On a perusal of the judgments of the District Judge and of Wadsworth J., I find it very difficult to accept the contention of the learned counsel for the appellant that the District Judge as well as Wadsworth J. left open the question whether the plaintiff is an agriculturist or not to be decided in a regular suit. The District Judge specifically held that the plaintiff was not an agriculturist. Wadsworth J. agreed with him and pointed out that it was not averred or proved that the persons who were the titular mortgagors when Madras Act IV of 1938 came into force were agriculturists. In dismissing the appeal, the learned Judge did not expressly reserve the other questions to be decided in a suit. But it is not necessary to decide whether the courts on the previous occasion reserved questions other than the question whether the plaintiff is an agriculturist or not to be decided in a regular suit. It is manifest that the question whether the plaintiff is an agriculturist has been finally deckled against the plaintiff.

In those circumstances, the next question that arises is whether the said finding would operate as res judicata_ in the present proceedings. The question viz., under what circumstances the decision in a petition would operate as res judicata in a regular suit has been decided by Somayya and Yahya All JJ. in --'Arikapudi Balakotayya v. Yadlapalli Nagayya', ILR 1946 Mad 566. There, the question was whether a decision of a District Court under Section 84(1) of the Madras Hindu Religious Endowments Act negativing the contentions of the applicants that they and their forefathers were hereditary trustees of the temple, would be res judicata in a suit filed by them for a declaration that the office of trusteeship was hereditary in their family.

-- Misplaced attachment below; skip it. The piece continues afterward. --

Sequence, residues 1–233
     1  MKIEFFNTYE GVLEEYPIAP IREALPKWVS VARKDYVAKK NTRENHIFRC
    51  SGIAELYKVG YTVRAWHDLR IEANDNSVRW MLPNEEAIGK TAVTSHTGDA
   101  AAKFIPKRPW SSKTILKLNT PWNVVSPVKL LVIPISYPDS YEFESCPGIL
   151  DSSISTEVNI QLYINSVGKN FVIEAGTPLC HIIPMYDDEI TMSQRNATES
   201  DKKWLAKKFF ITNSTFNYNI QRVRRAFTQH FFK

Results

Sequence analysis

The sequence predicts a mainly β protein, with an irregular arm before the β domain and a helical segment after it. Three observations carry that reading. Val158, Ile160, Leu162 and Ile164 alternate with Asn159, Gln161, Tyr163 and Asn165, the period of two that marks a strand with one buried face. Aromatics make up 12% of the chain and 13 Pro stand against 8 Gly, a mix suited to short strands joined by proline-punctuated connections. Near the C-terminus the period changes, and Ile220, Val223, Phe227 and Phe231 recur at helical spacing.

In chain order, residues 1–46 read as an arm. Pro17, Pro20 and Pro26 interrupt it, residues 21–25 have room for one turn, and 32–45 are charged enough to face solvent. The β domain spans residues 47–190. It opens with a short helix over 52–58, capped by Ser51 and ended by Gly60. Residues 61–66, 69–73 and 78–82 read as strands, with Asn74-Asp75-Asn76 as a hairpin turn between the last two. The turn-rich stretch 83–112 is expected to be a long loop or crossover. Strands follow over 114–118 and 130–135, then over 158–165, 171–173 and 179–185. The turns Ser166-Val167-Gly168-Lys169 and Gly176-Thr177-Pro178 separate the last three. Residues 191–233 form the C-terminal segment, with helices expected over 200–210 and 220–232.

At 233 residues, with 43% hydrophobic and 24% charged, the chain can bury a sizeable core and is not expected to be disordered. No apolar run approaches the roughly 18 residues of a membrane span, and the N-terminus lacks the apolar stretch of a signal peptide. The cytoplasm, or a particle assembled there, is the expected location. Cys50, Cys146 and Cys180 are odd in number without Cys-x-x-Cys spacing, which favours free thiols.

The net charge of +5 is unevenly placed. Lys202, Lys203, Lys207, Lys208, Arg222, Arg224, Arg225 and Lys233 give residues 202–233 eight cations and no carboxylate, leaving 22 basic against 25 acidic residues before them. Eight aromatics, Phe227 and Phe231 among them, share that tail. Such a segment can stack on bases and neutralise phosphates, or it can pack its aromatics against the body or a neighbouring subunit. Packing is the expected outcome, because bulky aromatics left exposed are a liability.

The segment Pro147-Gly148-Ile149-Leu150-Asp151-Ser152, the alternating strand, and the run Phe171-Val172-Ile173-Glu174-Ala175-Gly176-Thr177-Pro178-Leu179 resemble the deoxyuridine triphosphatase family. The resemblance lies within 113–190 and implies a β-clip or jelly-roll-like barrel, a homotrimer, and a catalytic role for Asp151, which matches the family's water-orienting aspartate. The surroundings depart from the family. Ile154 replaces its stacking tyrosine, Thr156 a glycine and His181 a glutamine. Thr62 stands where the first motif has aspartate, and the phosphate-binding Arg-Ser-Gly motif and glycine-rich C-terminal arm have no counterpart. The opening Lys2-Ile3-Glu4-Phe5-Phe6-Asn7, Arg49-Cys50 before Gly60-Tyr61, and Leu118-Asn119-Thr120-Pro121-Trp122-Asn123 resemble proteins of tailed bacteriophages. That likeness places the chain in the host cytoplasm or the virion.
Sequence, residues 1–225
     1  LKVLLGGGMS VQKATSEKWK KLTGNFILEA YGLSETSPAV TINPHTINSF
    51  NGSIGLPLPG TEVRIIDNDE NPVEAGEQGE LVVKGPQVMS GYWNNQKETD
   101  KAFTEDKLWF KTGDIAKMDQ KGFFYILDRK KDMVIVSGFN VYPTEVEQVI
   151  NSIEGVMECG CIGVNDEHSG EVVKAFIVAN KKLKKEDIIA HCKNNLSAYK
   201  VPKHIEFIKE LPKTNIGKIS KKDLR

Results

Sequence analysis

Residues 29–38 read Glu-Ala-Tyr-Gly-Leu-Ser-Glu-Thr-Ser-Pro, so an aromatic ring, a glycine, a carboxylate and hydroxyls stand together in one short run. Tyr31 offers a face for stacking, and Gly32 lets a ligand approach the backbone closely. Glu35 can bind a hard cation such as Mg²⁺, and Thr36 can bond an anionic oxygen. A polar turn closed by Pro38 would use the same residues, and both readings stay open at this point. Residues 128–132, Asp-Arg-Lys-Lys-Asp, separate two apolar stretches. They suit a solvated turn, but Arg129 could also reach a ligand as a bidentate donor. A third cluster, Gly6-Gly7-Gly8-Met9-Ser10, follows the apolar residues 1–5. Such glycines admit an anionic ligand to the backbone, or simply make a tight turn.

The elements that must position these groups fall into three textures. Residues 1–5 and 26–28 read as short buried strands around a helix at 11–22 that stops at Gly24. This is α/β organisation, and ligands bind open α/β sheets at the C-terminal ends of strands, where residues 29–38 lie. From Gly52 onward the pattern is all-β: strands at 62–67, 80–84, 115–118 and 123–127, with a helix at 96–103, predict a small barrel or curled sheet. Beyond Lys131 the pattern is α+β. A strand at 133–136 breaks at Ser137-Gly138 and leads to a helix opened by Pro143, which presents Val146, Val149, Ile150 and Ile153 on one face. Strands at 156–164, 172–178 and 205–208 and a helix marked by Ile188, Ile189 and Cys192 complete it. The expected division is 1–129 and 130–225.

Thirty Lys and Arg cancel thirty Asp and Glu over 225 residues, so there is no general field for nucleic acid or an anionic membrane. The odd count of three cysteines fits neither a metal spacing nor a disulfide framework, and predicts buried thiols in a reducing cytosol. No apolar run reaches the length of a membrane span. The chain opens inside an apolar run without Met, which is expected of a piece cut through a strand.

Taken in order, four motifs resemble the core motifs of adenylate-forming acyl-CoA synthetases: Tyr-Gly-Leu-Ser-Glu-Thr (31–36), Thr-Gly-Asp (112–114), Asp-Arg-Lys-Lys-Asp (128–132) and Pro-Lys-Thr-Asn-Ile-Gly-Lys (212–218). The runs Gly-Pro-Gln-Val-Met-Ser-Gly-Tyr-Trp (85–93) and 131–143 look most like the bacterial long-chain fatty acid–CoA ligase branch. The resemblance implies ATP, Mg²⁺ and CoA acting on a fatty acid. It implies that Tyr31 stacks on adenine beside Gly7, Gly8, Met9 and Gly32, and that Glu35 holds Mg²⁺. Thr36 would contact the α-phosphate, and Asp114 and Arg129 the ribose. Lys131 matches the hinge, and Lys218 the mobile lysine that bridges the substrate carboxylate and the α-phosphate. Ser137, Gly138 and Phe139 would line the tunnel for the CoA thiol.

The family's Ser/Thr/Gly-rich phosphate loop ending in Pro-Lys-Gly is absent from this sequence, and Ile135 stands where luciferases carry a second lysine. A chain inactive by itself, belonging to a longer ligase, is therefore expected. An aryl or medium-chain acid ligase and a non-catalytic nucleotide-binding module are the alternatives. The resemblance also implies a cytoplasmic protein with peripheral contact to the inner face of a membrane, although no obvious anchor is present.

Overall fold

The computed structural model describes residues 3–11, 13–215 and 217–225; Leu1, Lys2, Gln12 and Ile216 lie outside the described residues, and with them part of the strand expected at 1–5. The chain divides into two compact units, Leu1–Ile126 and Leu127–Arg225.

The learned Judges held that the doctrine of res judicata is not confined to decisions in suits but applies even to decisions rendered in proceedings) which are not suits. To ascertain whether a proceeding is summary or not, they have laid down various tests and held that if the proceeding is not a summary one, a decision therein would be res judicata if the conditions laid down in Section 11 C. P. C. are complied with. They' negatived the contention that a proceeding under Section 84(1) of the Madras Hindu Religious Endowments Act is summary in nature. The fact that the District Court is bound to take evidence, should act on the materials placed before it by parties, should decide substantial questions affecting rights of parties and similar characteristics were considered as indicating that the proceedings were not summary in their nature.